• “Our obscenity law is an awful leftover from British colonialism”

    Rohini Nair interviews Rahman Abbas

    September 14, 2016

    On 19 August 2016, ten years after a case was filed against him under a colonial-era "obscenity" law for his novel Nakhlistan ki Talash, a Mumbai court ruled that the charges filed against Urdu writer Rahman Abbas under Section 292 of the Indian Penal Code were unwarranted. These 10 years have been an uphill struggle for Mumbai-based Abbas, who lost his job as a lecturer at a city college when the controversy erupted in 2004-05.

    In this interview, Abbas, now working as a researcher with a think-tank, and with three more novels out since Nakhlistan Ki Talash, speaks about the vindication that was such a long time coming.

    You’ve been an outspoken critic of Section 292, the law dating back to the 1800s that was used against you. What other outdated laws would you like to see repealed or at least debated by society?

    On the day I was acquitted, I made it clear that I wish to struggle to abolish Section 292 of the IPC, which is in fact an awful leftover from British colonialism. This law was formulated in the year 1860, under the influence of Christianity. The outcome of European and Middle Eastern societies of the past, it is against our cultural history and civilization. Our ancestors have given the world the Kama Sutra, Khajuraho, and Sanskrit liberal poetic traditions where kama is a core aspect of human life, and eroticism a sacred experience. Across India, we can find [sculptures of] nude deities celebrating lovemaking as an eternal experience of being and living in this form. I wish this law be repealed also because in the past, it was misused by religious fundamentalists, opportunists, anti-art folks, and intellectually handicapped people, to torture and harass writers and artists like Saadat Hasan Manto, Ismat Chughtai, M. F. Hussain and recently, Arundhati Roy. In addition, I wish Section 377 and sedition charges be repealed, or amended. Section 377 is discriminatory, whereas sedition charges were designed by imperialist forces to subjugate occupied countries.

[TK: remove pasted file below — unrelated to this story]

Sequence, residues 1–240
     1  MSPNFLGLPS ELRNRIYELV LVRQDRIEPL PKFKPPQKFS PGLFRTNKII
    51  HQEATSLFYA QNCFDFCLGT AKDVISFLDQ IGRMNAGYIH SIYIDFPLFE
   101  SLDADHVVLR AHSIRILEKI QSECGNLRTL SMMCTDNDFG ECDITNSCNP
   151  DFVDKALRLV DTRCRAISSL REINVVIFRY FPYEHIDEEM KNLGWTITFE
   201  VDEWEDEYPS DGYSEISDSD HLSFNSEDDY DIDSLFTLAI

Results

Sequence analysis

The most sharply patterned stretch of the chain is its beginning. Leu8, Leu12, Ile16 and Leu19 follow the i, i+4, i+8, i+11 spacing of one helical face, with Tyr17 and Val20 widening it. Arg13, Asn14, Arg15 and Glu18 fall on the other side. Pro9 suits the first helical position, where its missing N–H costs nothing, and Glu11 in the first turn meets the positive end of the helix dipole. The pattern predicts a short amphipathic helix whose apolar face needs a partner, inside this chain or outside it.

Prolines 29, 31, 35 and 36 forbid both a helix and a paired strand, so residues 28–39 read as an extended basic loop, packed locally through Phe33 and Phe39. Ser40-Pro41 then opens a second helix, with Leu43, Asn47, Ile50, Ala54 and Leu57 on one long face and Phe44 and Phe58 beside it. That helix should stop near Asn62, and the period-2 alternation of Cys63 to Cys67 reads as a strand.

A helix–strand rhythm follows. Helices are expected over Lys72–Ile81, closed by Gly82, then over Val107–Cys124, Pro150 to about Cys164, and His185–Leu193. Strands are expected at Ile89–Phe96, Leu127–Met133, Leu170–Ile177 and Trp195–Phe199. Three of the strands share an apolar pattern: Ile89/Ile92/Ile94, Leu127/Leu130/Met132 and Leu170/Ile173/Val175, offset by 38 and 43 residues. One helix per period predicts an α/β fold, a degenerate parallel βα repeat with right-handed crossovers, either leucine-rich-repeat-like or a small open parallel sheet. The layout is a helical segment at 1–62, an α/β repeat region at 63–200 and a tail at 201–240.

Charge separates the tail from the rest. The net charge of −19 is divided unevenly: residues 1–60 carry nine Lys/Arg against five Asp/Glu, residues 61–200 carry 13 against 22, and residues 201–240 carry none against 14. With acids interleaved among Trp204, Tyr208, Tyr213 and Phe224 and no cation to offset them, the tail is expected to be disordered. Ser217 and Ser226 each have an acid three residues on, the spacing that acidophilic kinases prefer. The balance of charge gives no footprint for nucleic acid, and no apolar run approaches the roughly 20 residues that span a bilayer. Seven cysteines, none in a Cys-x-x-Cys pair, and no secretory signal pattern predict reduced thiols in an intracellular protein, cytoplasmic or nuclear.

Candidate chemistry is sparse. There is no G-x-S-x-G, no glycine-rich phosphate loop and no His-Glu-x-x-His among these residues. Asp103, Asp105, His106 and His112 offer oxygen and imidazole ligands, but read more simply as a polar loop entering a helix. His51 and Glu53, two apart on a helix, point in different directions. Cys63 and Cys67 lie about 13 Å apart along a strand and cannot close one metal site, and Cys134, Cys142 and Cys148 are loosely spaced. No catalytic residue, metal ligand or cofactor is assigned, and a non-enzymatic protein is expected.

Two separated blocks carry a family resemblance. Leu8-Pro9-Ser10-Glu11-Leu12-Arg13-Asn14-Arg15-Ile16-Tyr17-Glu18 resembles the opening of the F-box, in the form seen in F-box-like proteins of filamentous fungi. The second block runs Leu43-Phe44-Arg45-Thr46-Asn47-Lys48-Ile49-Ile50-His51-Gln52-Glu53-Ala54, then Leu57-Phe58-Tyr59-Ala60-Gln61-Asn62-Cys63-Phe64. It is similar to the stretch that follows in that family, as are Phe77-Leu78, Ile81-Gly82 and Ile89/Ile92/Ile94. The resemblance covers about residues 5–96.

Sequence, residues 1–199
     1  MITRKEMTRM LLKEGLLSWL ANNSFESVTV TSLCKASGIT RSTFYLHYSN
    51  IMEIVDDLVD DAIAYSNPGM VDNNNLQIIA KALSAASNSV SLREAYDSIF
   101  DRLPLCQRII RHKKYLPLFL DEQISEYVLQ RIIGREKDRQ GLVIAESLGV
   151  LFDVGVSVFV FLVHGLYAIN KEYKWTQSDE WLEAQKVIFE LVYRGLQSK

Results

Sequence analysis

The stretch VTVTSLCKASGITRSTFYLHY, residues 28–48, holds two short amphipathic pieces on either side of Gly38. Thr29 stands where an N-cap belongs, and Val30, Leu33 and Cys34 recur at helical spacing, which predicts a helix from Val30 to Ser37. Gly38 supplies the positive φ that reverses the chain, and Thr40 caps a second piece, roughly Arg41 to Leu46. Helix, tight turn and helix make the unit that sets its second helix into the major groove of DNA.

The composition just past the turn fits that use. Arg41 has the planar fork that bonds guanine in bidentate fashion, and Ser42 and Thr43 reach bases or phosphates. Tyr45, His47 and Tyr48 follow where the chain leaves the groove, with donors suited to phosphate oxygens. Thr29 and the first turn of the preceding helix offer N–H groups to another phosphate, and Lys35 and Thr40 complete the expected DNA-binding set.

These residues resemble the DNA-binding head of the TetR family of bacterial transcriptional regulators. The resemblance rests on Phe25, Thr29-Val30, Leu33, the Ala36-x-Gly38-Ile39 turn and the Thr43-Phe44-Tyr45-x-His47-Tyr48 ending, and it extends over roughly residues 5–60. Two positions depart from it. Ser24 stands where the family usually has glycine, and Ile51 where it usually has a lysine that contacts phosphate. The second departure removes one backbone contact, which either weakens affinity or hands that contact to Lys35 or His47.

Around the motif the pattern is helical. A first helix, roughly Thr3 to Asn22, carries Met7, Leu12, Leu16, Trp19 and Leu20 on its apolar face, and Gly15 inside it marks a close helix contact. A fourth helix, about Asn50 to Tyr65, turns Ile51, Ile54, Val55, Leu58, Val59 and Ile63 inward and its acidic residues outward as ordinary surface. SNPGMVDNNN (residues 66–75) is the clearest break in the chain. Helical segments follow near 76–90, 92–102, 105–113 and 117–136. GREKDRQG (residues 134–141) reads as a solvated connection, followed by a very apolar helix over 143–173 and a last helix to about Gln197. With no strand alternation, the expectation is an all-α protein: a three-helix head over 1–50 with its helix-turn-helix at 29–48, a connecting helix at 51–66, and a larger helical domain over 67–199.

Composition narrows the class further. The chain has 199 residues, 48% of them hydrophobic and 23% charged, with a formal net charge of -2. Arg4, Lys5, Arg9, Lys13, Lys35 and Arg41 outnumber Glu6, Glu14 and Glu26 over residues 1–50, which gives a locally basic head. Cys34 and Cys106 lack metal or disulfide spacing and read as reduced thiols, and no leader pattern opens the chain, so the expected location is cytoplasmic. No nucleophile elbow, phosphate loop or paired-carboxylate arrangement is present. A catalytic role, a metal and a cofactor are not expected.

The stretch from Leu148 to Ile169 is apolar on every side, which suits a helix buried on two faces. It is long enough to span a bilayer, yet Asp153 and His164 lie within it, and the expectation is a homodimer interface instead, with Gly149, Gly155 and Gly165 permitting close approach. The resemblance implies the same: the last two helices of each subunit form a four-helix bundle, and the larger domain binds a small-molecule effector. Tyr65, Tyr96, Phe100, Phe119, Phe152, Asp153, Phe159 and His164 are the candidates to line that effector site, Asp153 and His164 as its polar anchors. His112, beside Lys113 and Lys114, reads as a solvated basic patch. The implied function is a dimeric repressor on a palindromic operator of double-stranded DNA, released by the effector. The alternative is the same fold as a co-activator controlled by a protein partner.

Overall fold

Your case was pending in the Andheri Metropolitan Court for 10 years, as your hearing kept getting deferred. What were these years like, for you?

    It made me humble and strong simultaneously. It changed me from a self-indulgent modernist writer to a humanist and activist who tries to speak on every issue, including domestic violence, gender discrimination, or against politically motivated hate in the name of religion and culture. It made me more Indian, after my encounter with the journey of the Indian civilisation, understanding the history of cultural diversity and the significance of coexistence. It gave me courage to speak up against every Taliban – be it Muslim, Hindu or [belonging to] any other religion. Yes, I suffered as my job was snatched away, but that is a price one should be ready to pay for speaking their mind and living for the sake of the arts.

    Despite the legal and personal struggles you were already facing because of your court case, you didn’t hesitate from returning, in 2015, the Maharashtra State Urdu Sahitya Akademi Award you won for Khuda Ke Saaye Mein Ankho Micholi. Did you ever feel apprehensive of adding, perhaps, a sedition charge to the obscenity one you were already battling?

    No, I didn’t think about it. I was convinced by my conscience that it was my duty as an Indian citizen to speak against politically motivated hate and against the silence of the regime over the murders of our rationalist and humanist intellectuals. The continued pressure from writers and artists has forced the state to show some action and now, as you know, the CBI has filed a charge sheet in the Dabholkar murder case [naming] Hindu Janajagruti Samiti member Virendra Tawade, who had links with the Sanatan Sanstha.

    To read the full interview, click here.


    First published in Firstpost. Published here with minor edits.

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